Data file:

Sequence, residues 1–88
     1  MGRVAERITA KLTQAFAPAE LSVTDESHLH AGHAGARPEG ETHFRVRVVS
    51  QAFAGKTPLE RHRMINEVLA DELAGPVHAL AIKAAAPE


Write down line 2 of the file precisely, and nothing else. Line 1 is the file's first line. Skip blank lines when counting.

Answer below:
     1  MGRVAERITA KLTQAFAPAE LSVTDESHLH AGHAGARPEG ETHFRVRVVS